MN Bautista-Teruel & PF Subosa - Aquaculture, 1999 - Elsevier
      Shrimp diets with and without the antioxidant, butylated hydroxytoluene (BHT) were stored at 10°, 20°, 28°–30°, and 40°C for 10 weeks. To monitor lipolysis and lipid oxidation, free fatty acid (FFA) content, peroxide values (PVs), and malonaldehyde (MAL) levels were measured from the extracted lipids of the stored diets. Fatty acid levels of the diets increased between the initial and final samplings and the increase was higher (8.4%) in diets without BHT stored at 40°C after 10 weeks. Peroxide values of the extracted lipids were low and fluctuated monthly between 2.2 and 7.4 mmol/kg fat. MAL levels increased in diets with and without BHT except those stored at 10°C for 4 weeks. Diets with BHT stored at 10°C had the lowest (8.7 mg MAL/kg fat) MAL levels and diets without BHT stored at 40°C for 10 weeks had the highest (16.9 mg MAL/kg fat). Shrimp fed diets with BHT gained 5.7–6.4× their initial weight after 10 weeks of rearing. Their growth was significantly better than those fed diets without BHT (4–6×) during the 60-day culture period. Survival was significantly higher in those fed diets with BHT (87–88%) than those without BHT (75–85%). No hepatopancreatic lesions were seen in shrimp samples fed diets with and without BHT and stored at various temperatures. The incorporation of BHT in shrimp feed is necessary if the feed is to be stored at 40°C for 10 weeks.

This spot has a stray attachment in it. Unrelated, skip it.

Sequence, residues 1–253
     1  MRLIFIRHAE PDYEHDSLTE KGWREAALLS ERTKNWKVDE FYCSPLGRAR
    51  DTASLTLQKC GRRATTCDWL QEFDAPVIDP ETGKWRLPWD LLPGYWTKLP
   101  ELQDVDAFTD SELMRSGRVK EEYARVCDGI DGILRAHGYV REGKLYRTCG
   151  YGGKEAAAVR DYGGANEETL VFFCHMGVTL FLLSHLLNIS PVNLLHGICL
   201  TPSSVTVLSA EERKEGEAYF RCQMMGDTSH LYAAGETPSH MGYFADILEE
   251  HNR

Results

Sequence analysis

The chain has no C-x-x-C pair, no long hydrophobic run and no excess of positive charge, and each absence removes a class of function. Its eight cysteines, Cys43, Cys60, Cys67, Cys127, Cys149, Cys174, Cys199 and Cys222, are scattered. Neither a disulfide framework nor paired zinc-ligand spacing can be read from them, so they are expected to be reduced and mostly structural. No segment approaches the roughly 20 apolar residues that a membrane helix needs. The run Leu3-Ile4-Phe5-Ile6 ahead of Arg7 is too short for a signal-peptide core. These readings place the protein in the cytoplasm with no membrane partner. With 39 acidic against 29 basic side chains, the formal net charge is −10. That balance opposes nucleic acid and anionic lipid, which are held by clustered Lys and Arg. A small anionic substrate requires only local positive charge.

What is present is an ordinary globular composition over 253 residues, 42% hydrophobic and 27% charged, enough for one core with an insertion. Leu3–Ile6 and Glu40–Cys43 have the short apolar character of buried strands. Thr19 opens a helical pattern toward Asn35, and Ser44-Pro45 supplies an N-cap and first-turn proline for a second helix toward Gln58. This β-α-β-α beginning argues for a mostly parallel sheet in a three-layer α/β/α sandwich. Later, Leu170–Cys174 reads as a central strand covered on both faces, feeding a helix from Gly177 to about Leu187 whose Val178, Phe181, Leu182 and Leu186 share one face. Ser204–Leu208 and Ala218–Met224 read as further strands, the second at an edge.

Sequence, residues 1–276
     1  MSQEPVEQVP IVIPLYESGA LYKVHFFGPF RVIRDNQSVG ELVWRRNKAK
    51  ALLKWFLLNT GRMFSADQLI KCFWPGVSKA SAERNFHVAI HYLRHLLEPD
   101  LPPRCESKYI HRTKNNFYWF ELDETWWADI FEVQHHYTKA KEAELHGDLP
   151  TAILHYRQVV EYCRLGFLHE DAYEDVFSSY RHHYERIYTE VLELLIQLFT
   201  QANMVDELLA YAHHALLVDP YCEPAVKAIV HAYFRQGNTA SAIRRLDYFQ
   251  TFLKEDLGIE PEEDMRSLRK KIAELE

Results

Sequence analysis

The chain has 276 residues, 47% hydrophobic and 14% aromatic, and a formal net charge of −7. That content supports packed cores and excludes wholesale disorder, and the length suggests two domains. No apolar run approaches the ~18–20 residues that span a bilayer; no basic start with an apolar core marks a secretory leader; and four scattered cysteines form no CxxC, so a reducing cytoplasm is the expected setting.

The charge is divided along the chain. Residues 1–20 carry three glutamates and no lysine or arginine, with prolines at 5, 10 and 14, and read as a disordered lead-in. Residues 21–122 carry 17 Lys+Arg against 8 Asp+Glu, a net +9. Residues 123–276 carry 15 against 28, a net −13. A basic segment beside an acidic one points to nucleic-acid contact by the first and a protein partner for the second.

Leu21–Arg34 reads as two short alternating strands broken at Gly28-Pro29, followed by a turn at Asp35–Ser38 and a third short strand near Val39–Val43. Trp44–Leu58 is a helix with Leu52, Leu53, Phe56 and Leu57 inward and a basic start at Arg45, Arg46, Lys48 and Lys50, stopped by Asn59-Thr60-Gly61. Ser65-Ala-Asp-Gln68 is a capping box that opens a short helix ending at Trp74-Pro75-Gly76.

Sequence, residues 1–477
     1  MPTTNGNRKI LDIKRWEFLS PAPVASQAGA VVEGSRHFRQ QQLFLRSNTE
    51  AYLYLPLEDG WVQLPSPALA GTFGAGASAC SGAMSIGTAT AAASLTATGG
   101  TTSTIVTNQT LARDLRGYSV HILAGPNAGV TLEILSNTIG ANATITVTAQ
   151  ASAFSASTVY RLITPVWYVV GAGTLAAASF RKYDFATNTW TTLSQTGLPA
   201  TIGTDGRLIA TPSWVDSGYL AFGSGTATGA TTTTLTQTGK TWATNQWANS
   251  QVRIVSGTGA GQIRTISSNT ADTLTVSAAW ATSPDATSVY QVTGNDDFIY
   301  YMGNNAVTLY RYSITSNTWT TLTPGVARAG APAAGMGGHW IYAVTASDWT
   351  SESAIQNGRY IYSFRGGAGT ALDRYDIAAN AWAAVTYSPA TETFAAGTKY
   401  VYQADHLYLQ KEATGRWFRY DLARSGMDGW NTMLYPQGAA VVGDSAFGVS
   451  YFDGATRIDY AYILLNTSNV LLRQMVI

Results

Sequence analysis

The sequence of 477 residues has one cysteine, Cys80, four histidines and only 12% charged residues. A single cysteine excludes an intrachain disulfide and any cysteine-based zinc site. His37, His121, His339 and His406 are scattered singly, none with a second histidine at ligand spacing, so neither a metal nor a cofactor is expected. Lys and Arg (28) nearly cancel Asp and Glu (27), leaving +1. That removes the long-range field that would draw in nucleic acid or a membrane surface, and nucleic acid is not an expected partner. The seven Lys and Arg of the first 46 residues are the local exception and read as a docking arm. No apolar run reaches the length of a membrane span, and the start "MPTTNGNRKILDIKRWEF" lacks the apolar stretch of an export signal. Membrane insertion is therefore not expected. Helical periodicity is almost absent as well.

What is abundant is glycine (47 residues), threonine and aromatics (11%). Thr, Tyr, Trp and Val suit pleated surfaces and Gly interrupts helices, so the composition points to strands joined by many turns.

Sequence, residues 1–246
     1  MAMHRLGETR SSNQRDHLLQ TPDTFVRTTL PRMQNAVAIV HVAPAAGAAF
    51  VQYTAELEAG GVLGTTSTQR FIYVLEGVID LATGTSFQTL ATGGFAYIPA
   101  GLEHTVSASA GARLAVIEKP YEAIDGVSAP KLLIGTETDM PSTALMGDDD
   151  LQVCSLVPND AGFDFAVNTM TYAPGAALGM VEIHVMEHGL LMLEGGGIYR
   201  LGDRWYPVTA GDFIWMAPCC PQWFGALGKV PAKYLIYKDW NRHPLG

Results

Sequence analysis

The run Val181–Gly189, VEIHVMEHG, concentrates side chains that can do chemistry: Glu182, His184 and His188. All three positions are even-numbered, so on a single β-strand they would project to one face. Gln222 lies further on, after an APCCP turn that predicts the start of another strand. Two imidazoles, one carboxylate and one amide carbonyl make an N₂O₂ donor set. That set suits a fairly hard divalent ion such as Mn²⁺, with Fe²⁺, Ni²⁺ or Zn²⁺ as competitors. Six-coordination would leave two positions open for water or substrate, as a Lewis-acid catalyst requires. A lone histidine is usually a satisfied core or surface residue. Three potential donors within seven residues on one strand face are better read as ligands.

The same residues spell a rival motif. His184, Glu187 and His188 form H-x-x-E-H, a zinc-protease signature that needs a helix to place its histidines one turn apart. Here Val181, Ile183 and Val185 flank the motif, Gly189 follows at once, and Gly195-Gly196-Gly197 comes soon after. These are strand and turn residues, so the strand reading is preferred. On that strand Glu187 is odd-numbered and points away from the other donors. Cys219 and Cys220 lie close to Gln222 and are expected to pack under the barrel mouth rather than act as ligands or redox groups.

• Article

      Changes in shrimp feed quality and effects on growth and survival of Penaeus monodon juveniles 

      MN Bautista & PF Subosa - Aquaculture, 1997 - Elsevier